Question from the Commissioners:
Chairman: thank you very much now the commission ill ask you few question to throw lights for detail. Now you said when all of these happened?
Primary Witness: It was 1994 in the raining season. By then the Sierra Leonean batch was there and they left and the NIBATT 17 came in. 1995 Sinje was densely populated up to 18,000 according to WFP report. September 18, they left food there but we don't know how these guys know that food was there and ECOMOG was already out of the area. And September 29 was the exact of the Sinje massacre.
Commissioner Bull: for the benefit of the listen audience would tell us who was the WFP said they were feeding 18,000 human beings?
Primary Witness: Yes WFP is the World Food Program and the implementing partner called the LIURD.
You mentioned the September 29, you said everyone was executed, who executed every that day?
Primary Witness: ULIMO K
Do you know within your knowledge you was the leader of the ULIMO K at that time?
Primary Witness: ULIMO K the entire group all the particular group that came to Sinje?
It will be good if you know who was the head of the entire ULIMO K at the time and the head of the particular group that was in Sinje?
Primary Witness: Alhaji GV Kromah is the organizer of ULIMO K and for the batch of rebel that move to Sinje was Sando Jackson who was also known as Battle Front Jackson.
Do you know in your knowledge where this Alhaji GV Kromah is if you know?
Primary Witness: Alhaji GV Kromah works with the University of Liberia but I don't know his residence right now.
So Sando Jackson was among the three families that took the conflict management training that you just talked about?
Primary Witness: Sando Jackson did not take training with us I said his father was with us.
Could you tell us the name of his father?
Primary Witness: Well I don't remember his name, the only we use to call him by was Mr. Jackson. And presently he is in Mecca in Gola Konneh district.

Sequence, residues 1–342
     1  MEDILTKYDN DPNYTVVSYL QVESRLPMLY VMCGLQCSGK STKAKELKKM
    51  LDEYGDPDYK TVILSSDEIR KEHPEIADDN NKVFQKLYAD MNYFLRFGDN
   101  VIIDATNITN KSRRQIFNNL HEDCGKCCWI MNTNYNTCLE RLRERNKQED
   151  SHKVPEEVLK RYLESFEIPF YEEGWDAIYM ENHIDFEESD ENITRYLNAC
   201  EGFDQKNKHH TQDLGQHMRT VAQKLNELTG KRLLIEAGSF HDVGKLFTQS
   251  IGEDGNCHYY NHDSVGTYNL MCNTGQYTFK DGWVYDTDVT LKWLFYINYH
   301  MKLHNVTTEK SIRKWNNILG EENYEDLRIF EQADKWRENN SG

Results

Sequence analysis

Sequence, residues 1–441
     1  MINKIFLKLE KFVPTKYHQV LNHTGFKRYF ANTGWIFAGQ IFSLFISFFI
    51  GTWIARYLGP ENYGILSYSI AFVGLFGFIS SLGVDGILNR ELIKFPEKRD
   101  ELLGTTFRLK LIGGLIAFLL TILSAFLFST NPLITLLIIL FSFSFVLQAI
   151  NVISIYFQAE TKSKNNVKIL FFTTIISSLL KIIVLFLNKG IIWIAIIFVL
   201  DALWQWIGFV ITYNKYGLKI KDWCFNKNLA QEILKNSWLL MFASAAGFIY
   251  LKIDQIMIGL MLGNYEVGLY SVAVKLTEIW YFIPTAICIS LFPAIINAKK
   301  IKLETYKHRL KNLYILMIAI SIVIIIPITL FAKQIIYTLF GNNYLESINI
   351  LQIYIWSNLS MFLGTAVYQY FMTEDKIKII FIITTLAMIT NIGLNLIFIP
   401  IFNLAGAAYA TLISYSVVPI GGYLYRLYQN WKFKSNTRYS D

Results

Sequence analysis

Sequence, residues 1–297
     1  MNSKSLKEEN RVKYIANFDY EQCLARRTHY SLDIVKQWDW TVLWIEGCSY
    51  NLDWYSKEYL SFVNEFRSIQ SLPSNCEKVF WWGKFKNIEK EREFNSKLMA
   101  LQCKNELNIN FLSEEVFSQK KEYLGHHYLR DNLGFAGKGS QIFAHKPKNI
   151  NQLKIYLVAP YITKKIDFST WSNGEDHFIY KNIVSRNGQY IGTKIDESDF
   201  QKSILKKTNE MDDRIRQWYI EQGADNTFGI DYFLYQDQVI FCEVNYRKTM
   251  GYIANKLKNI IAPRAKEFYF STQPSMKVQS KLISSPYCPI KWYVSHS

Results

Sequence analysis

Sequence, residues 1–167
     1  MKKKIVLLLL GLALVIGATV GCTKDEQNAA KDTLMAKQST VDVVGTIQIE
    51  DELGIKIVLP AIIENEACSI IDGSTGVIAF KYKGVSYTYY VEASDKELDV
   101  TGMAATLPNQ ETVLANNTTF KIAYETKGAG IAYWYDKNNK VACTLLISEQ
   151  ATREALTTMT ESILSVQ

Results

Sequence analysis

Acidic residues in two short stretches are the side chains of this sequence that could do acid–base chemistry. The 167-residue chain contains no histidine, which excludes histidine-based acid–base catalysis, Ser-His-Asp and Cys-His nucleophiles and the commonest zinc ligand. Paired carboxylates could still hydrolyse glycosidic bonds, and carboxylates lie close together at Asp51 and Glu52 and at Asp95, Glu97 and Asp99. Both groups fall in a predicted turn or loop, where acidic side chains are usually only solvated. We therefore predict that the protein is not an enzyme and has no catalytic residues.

You that evening save the children and collected dead bodies you said five hundred and eleven is that correct.
Primary Witness: No, five hundred and seventy
And that is considered as the Sinje massacre.
Primary Witness: Yes that's the Sinje's Massacre but before then save the children asked us to go to Sinje for burial, but considering the situation we escaped under from Sinje I could not risk going back there.
So that means they collected the bodies and have them buried?
Primary Witness: Yes they said it was healthy for those bodies to be exposed off so they asked the commissioner and some able body men to dig those bodies and have them reburied in a mass grave.
So that means there must be some mass grave in that area?
Primary Witness: Sure
Quoting, you said nobody from somewhere must not pass through your born town, who were those some bodies you were referring to?
Primary Witness: It was people who came from the next district to carry on massacre in our district that how we were looking at it, it was those from Gene brown and Mecca.
Why was it that those who carry out the massacre in ULIMO K came from Gene brown and Mecca?
Primary Witness: As I said early, a young boy at my age was sent for water and they just look at him and said his chest look like a commando so immediately he was shot in my presence.
Did I hear you say that your uncle was shot dead?
Primary Witness: Yes.
What was his name?
Primary Witness: Varney Zoedua
Commissioner Steward: the Zigzag Massa man you mentioned which group was he part up?
Primary Witness: One Zigzag Massa was in NPFL and another was in ULIMO K.
Have they shown any actions of regrets for those things they did to you like you just said?
Primary Witness: No, but I don't think rebels have anything like regrets.
Commissioner Washington: Do you think Sando Jackson is still around?